Carlos Tevez - Will He Stay, or Will He Go Now?


Carlos Tevez, one of the world’s best paid footballers has been ordered to return to Shanghai Shenhua on the 26th December to commence pre-season training. If he refuses to return he won’t be paid his massive £615,000 a week salary.

Tevez, it’s been reported has been homesick while playing in China. He has been angling for a move back to South America, with Shenhua saying they’re not sure if Tevez will return. Tevez has only managed to score 4 league goals playing in the Chinese Super League (CSL) where he joined in January and still has a year left on his contract.

He’s been largely ridiculed by CSL fans for missing half the games he’s been eligible to play in, with the fans giving him the nickname ‘Very Homesick Boy’. This name came about from him often flying back to Argentina when he can or during periods of personal distress.

His form’s been so bad during his stay in the CSL that he was left out of the squad for the two legged Chinese Cup Final by coach Wu Jingui when Shenhua defeated Shanghai SIPG managed at the time by Villas-Boas.

The decision on whether Tevez will continue his career in China is solely down to Tevez as the decision is his to make and his alone. Will he continue with Shenhua and earn his bloated salary? Or will his homesickness and inability to adapt to life in China make him give up the massive wedge for a return to his homeland? We will find out on 26th December what is more important to him, the money or to rid himself of his unhappiness by returning to Argentina.

Not every player will be suited for a move to China despite becoming some of the richest professional players on the planet. Players like Tevez serve as a good example, during his time in England he didn’t manage to learn English as witnessed by his use of translators in post match interviews.

Learning a language is not the sole reason for being unable to adapt or fit into a new way of life, a new society or a new culture, but with reports coming out in various news articles that Tevez is unhappy at the lack of socialisation with his team mates – then language will be a key component of adapting in this situation. Unlike when he played in Europe, where he could easily find other native Spanish speakers to spend his down time with socialising together. This is unlikely to be the case in China, even in Shanghai where the chances would be higher but still considerably lower than every other country he has played in outside of Argentina.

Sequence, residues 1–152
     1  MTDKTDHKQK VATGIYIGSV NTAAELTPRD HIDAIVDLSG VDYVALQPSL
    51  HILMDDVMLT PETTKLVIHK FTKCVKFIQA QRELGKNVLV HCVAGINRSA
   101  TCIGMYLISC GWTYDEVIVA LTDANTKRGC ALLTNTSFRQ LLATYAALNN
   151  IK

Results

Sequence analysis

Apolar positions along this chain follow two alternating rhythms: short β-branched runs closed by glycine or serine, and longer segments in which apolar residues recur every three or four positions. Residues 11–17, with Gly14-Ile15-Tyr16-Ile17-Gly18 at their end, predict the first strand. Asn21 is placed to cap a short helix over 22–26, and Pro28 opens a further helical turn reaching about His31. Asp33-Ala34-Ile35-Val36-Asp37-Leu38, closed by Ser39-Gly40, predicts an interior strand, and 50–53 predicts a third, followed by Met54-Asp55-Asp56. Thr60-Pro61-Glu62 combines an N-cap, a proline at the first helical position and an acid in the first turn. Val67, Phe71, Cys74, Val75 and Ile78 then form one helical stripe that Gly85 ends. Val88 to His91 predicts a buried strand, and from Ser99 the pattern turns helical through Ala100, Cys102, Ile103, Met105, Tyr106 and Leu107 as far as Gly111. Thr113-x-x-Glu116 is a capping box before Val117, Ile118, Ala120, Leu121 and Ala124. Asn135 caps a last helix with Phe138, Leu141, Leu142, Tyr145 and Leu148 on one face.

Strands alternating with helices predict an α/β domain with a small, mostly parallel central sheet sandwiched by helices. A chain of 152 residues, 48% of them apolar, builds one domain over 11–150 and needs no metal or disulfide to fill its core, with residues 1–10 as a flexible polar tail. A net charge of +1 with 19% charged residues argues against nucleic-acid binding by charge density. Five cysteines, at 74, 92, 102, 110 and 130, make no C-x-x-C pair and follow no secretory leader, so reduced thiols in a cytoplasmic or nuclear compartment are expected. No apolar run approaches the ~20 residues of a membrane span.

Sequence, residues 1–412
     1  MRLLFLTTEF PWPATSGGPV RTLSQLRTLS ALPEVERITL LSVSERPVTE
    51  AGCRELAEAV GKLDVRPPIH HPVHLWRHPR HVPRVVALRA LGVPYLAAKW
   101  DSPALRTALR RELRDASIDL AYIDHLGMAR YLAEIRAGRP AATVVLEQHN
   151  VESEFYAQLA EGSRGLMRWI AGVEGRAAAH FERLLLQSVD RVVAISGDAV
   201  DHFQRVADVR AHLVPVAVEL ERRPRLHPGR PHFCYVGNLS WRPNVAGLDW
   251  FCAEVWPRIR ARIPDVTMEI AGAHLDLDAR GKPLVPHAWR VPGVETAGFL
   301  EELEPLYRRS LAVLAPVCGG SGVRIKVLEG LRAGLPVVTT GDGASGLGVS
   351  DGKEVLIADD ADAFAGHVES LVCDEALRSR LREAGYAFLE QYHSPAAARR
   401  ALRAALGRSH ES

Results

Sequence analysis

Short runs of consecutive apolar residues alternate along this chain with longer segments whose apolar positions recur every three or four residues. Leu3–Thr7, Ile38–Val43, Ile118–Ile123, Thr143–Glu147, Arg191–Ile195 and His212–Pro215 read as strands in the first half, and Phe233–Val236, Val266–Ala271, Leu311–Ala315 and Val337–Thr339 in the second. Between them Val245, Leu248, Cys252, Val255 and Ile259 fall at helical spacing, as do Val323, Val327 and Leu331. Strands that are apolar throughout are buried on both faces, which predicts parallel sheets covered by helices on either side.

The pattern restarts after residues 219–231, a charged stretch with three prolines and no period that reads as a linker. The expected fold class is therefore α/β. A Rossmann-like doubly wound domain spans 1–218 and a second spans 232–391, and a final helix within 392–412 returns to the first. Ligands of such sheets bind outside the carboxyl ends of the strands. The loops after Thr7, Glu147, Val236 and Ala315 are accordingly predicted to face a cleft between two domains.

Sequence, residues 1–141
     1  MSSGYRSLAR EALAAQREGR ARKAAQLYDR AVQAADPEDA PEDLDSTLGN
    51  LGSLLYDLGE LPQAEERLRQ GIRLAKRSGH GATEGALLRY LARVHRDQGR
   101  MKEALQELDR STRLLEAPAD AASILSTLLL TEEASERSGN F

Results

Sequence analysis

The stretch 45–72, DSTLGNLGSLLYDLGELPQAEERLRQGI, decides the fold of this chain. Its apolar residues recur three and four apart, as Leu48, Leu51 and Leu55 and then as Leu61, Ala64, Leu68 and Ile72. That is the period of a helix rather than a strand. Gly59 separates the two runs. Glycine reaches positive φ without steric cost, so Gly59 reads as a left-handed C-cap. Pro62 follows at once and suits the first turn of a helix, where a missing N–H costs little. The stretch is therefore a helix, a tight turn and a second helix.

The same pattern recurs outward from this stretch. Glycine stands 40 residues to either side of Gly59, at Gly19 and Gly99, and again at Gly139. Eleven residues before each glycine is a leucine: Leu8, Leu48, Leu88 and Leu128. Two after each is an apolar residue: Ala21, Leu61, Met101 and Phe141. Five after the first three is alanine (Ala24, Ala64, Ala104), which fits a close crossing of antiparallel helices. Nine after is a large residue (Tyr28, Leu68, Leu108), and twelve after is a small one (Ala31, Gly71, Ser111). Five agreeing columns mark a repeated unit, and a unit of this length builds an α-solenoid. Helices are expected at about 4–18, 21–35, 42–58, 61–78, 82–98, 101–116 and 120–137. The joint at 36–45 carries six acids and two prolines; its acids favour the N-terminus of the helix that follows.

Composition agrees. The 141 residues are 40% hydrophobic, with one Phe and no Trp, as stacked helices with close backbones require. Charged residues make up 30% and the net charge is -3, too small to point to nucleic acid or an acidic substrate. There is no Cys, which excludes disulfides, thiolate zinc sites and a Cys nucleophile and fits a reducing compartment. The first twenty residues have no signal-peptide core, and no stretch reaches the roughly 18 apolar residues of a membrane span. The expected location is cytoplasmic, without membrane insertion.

Pressure is being put on Shenhua by Boca Juniors to release Tevez from his contract which would enable him to re-sign for the Argentine club. Zero benefit is on offer to Shenhua for going down this route and releasing him from his contract a year early. Boca are unacceptably trying to force a club to effectively give away an expensive asset as they plead poverty as a club of hamstrung paupers.

If Shenhua don’t agree to release Tevez from his contract then either Boca will need to pay his release clause of £4 million or Tevez will have to buy out his contract, and considering it is one of the best in the world it would prove to be a very costly move and possibly negate any major financial benefit he gained from moving there in the first place.

This should be a cautionary lesson for any future players thinking of moving to China for the benefit of financial gain only. Make sure you’re able to adapt to a vastly different environment and culture from your own, some players have no issues others like Tevez will hate it. Regardless of the vast riches of RMB (Chinese money) on offer, your life can still be utter misery if you fail to adapt culturally or fit in with your surroundings; Carlos Tevez being a prime case in point.

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